Making Money Online | Unskippable - Marketing Keynote Speaker - Jim Kukral - Part 4

Category Archives for "Making Money Online"

How To Sell Ads On Your Blog Even With Hardly Any Traffic – A Step-By-Step Guide

I really don’t want to keep harping on Blogrush. I don’t hate it at all, and I’m not trying to scare anyone… I just think it won’t work for the majority of my low-traffic blogging brethren.

jfk_lowtraffic.jpgTime will tell. But rather than keeping bitching about my opinion of it, I’d rather help you, the low-traffic blogger who isn’t making any buck with your blog, with a few better ways/ideas to make some money with your blog.

Here’s my first idea, put to you in steps you can/should follow. Give it a try and let me know how it goes. In my opinion, this is a much better use of your prime real estate to generate profit for you down the road.

The problem for you? You have a low-traffic blog. You’re not a marketer, or do you wish to be one. You just know you like blogging and you wish that you could make a few extra bucks a month from your efforts. You’ve tried Adsense, didn’t work. You’ve tried Chitika, didn’t work. You’ve tried them all, they didn’t work. So you thought, “why don’t I sell some ads on my blog?” But you don’t know how to do that because you’re not a marketer. Plus, you have hardly any readers, so why would anyone want to buy an ad on your blog? So what do you do?

Step 1 To Selling Ads On Your Blog: Make Some Room!
The first thing you have to do is make some space on your blog for some ads. I suggest you work 2-4 ad spots into the top of one of your sidebars. Pick a standard ad unit like 125×125 and reserve that space on your blog for those ads.

Step 2 To Selling Ads On Your Blog: Explain Yourself!
Now build a page on your blog discussing ad rates. Make sure to include your monthly traffic stats (even if they are low) and also write a paragraph about what your blog is and why people like to read it, and who those people are. Advertisers want to know who they are reaching.

Step 3 To Selling Ads On Your Blog: Track Advertisers Down!
The next step then is to identify some advertisers to pursue. Go to the more popular blogs in your niche and see who is advertising there. For example, if I wrote a tech blog, I would go over to and see who is buying ads there. Make a list of the top 10 companies to contact.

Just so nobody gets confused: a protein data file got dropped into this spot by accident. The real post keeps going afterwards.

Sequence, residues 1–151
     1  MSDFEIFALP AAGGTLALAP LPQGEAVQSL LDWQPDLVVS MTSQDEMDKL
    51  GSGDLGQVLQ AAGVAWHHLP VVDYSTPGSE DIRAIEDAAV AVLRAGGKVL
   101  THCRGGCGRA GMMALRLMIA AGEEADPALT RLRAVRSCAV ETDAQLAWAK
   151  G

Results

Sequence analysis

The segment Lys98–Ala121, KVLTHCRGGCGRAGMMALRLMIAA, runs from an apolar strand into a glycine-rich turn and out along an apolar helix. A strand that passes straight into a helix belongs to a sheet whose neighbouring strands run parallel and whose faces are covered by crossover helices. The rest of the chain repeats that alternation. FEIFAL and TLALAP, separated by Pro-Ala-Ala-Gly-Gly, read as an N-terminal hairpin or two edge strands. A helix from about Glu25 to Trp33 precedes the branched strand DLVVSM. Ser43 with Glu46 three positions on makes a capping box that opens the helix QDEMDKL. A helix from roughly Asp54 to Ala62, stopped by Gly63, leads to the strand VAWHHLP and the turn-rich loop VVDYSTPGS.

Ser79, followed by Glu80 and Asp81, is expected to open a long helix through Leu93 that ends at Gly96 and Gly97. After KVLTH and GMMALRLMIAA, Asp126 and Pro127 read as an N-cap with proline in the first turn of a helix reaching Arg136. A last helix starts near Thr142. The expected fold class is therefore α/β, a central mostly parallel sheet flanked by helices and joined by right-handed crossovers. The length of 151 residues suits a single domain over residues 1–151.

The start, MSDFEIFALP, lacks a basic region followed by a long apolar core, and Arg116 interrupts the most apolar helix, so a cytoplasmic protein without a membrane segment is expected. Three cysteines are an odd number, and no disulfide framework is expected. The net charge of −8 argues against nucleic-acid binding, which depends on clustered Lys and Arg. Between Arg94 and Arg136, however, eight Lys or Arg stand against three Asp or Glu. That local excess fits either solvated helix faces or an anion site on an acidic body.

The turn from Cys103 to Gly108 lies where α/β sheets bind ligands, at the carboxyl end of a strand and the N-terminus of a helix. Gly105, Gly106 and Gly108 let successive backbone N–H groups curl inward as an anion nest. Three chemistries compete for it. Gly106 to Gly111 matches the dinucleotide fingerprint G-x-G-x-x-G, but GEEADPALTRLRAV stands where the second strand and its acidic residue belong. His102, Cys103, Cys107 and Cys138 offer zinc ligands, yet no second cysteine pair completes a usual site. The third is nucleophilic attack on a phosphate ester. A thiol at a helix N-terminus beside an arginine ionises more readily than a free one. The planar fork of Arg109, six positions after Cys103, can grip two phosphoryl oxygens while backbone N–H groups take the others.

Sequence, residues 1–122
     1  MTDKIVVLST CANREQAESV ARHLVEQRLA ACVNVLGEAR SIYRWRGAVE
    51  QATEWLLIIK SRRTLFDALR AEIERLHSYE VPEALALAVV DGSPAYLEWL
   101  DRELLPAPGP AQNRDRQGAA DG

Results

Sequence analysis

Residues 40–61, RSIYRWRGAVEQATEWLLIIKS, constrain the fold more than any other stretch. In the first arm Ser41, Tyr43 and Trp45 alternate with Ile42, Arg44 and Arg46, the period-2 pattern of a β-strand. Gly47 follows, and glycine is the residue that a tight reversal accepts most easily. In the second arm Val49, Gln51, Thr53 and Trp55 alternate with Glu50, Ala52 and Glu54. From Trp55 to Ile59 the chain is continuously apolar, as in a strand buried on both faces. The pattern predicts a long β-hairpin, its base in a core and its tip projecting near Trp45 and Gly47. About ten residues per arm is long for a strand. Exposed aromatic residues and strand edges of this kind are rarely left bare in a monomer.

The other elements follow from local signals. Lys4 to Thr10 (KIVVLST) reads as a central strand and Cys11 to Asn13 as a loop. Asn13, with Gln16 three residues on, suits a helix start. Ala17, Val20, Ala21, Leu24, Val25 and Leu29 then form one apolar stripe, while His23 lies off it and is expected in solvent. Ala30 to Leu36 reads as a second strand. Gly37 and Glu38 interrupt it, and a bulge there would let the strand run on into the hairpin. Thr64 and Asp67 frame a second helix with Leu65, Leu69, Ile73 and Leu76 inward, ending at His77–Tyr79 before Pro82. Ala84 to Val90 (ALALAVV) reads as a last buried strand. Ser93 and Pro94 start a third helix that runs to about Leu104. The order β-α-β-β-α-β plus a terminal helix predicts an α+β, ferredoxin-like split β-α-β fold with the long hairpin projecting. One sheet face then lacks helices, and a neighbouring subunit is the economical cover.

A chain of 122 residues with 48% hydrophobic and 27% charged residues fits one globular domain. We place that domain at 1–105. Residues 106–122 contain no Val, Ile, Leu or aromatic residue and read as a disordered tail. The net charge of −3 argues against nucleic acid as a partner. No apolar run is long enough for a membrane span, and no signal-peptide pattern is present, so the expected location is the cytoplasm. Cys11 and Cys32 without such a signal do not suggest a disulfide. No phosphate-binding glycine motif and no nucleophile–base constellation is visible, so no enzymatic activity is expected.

Step 4 To Selling Ads On Your Blog: Pitch Them!
Send an email, or phone call if you can, to those companies telling them you’re giving away a free banner ad on your blog for 3 months. All they have to do is send you a 125×125 banner and you’ll post it up for free. Send them your ad rates page and explain to them that you’re simply trying to get noticed and that your blog is a good target for their potential customers. Be honest with them. Let them know that you’re giving them the free ad in hopes that in months time they’ll be interested in buying an ad from you, but will not be required.

Step 5 To Selling Ads On Your Blog: Report & Track!
Now hopefully you’ve gotten some advertisers to take you up on your offer. Set their banner ads up and closely monitor how many clicks and impressions they are getting from your blog. At the end of every month, send a quick note to the advertiser letting them know how the free ad is doing. Make sure you’re using a tracking program if you can, like which is free, but kinda complex to setup. Not totally necessary to use, but helpful.

Step 6 To Selling Ads On Your Blog: Close Them!
At the end of the 3-month free ad, or right before the end, send your advertiser a summary report. Make your case. Ask them if they’d be interested in purchasing that spot now on your blog for a very low rate. Make it $100/month or something, whatever. Even if only one of them goes for it, you’re now making $1200 a year more than you were before.